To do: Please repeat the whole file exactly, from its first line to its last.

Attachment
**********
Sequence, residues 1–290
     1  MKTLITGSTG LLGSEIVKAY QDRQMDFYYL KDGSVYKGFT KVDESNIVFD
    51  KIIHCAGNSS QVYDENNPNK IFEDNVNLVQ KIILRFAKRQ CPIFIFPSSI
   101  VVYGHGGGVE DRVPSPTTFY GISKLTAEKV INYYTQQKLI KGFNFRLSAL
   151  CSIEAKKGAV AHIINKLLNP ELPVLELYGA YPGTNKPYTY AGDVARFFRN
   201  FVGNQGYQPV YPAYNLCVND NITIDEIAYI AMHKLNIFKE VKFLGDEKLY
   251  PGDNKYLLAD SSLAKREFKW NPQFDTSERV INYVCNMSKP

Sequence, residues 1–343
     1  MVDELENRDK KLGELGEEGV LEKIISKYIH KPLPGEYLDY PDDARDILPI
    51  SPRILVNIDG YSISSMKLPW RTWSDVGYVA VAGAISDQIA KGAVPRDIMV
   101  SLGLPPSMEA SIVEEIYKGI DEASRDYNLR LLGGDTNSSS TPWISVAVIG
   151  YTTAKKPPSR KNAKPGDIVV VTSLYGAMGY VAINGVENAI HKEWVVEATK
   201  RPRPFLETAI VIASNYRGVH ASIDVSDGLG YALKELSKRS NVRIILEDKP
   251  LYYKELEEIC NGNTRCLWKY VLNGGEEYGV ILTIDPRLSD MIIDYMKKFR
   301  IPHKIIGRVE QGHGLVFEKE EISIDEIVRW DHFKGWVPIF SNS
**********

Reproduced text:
Sequence, residues 1–290
     1  MKTLITGSTG LLGSEIVKAY QDRQMDFYYL KDGSVYKGFT KVDESNIVFD
    51  KIIHCAGNSS QVYDENNPNK IFEDNVNLVQ KIILRFAKRQ CPIFIFPSSI
   101  VVYGHGGGVE DRVPSPTTFY GISKLTAEKV INYYTQQKLI KGFNFRLSAL
   151  CSIEAKKGAV AHIINKLLNP ELPVLELYGA YPGTNKPYTY AGDVARFFRN
   201  FVGNQGYQPV YPAYNLCVND NITIDEIAYI AMHKLNIFKE VKFLGDEKLY
   251  PGDNKYLLAD SSLAKREFKW NPQFDTSERV INYVCNMSKP

Sequence, residues 1–343
     1  MVDELENRDK KLGELGEEGV LEKIISKYIH KPLPGEYLDY PDDARDILPI
    51  SPRILVNIDG YSISSMKLPW RTWSDVGYVA VAGAISDQIA KGAVPRDIMV
   101  SLGLPPSMEA SIVEEIYKGI DEASRDYNLR LLGGDTNSSS TPWISVAVIG
   151  YTTAKKPPSR KNAKPGDIVV VTSLYGAMGY VAINGVENAI HKEWVVEATK
   201  RPRPFLETAI VIASNYRGVH ASIDVSDGLG YALKELSKRS NVRIILEDKP
   251  LYYKELEEIC NGNTRCLWKY VLNGGEEYGV ILTIDPRLSD MIIDYMKKFR
   301  IPHKIIGRVE QGHGLVFEKE EISIDEIVRW DHFKGWVPIF SNS